Palilia 26: Wolfgang Ehrhardt, Decorative and residential context. Removal, restoration and preservation of wall paintings in the Campanian antique sites.
In 1873 August Mau published his ground-breaking discovery that the wall paintings in the houses of Pompeii do not date back to the town's last twenty or thirty years, before it was buried by the Vesuvian ashes in 79 A.D., but to a period of more than two hundred years, documenting domestic culture during the transition from Late Hellenistic to Imperial Times. Consequently, the contexts of decoration were stylistically distinguished. However, the motivation to maintain the older decoration, parts of which were almost two hundred years old, rather than replacing them with modern painting, has not been questioned so far.
This gap is closed in the presented work by examining the murals' micro-historical context. Gradually, a rational strategy becomes apparent in the way the ancient house owners would have entire rooms or just certain walls redecorated following recent painting trends, at the same time preserving and restoring already existing, older decorations and/or merging them with contemporary elements to a seemingly harmonious, amalgamated whole.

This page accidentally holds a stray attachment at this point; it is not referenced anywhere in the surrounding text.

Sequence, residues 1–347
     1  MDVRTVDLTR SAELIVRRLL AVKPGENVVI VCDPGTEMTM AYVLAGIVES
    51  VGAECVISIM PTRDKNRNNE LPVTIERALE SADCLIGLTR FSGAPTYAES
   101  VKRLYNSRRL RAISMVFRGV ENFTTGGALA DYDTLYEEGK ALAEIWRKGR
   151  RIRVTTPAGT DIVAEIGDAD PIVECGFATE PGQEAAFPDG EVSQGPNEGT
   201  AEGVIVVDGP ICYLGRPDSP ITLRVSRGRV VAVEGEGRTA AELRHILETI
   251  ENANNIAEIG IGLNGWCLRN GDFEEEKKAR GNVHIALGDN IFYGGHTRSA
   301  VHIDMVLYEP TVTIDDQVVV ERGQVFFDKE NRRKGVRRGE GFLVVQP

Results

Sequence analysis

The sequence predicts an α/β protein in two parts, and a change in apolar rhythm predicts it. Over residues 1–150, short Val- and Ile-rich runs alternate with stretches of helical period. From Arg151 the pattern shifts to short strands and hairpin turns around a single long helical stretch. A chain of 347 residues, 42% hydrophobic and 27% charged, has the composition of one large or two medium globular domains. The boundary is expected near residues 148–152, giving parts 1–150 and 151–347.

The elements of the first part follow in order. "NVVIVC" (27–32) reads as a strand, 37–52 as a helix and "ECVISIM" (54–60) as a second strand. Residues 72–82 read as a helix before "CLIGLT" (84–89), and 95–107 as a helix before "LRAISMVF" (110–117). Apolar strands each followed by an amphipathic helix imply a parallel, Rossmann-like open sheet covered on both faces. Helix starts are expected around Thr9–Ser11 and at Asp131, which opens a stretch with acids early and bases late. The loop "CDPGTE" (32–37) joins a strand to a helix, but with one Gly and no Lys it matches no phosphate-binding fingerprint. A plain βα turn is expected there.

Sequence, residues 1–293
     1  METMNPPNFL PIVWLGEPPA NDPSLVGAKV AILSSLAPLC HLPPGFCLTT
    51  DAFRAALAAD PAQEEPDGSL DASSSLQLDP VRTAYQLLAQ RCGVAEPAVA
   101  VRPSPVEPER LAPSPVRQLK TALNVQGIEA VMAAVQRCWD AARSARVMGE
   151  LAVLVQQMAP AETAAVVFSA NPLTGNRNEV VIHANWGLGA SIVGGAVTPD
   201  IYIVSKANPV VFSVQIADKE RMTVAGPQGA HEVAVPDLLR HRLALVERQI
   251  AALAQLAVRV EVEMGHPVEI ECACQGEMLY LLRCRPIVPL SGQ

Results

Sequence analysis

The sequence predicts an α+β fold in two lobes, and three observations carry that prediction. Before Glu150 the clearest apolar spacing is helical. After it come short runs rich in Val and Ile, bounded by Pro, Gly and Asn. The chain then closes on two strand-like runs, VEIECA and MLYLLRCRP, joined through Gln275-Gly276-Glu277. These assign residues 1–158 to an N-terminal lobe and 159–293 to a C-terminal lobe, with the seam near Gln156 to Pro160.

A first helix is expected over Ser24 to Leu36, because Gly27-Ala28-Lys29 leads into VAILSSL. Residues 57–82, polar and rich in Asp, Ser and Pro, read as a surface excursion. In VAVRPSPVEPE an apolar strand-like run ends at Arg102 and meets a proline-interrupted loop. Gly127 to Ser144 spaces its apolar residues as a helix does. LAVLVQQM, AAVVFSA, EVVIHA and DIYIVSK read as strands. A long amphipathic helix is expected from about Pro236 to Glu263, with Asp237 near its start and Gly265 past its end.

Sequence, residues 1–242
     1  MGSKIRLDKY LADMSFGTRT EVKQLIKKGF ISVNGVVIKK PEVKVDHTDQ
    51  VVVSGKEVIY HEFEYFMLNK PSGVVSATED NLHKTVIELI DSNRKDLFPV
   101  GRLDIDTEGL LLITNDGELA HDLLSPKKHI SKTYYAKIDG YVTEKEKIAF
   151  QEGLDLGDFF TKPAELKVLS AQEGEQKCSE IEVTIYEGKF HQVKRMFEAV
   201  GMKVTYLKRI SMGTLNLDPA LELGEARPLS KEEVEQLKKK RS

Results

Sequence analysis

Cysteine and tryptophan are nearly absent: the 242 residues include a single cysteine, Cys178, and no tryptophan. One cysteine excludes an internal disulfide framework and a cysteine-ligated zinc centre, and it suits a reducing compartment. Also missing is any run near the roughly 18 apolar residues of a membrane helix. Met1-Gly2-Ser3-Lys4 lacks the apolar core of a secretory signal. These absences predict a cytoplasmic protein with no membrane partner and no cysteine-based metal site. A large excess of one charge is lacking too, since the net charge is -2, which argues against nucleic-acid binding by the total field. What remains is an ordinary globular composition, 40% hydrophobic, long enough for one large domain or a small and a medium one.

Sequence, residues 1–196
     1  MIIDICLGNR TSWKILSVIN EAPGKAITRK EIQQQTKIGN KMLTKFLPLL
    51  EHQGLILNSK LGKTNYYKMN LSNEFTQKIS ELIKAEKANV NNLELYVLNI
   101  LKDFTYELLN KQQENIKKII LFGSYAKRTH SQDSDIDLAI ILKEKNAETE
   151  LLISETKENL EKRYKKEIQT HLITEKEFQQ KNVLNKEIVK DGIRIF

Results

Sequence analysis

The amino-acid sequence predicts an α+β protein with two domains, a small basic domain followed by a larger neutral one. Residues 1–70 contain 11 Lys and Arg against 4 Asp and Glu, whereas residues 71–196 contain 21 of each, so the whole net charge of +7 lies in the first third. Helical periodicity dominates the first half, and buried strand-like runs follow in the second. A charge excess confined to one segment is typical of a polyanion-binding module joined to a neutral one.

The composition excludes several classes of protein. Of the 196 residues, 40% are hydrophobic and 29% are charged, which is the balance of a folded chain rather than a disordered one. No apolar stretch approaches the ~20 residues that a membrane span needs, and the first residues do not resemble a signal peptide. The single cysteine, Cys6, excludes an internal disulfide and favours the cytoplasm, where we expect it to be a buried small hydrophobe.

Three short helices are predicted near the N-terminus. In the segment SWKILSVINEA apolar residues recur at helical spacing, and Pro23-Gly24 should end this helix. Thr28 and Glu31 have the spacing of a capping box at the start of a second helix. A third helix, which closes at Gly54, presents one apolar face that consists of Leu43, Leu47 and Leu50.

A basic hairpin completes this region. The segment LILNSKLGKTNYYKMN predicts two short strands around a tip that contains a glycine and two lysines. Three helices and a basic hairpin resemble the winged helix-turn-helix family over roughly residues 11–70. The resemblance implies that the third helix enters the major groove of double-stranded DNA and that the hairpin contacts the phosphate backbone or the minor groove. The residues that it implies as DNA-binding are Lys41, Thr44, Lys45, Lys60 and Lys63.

As usual the volume includes a detailed catalogue section. All collected material which have been the argumentative basis for the assessment of the respective context of decoration within a house are compiled here. This section would not only exceed the financial conditions of a printed publication, but also fragmentary in the long term considering the flood of new publication on Campanian antique sites. Therefore, this section will be available as an online-Catalogue within the Arachne. The material is organized by its location and further by house numbers or rather by the modern building name. Information about the decoration of every individual room can be found in the corresponding linked records.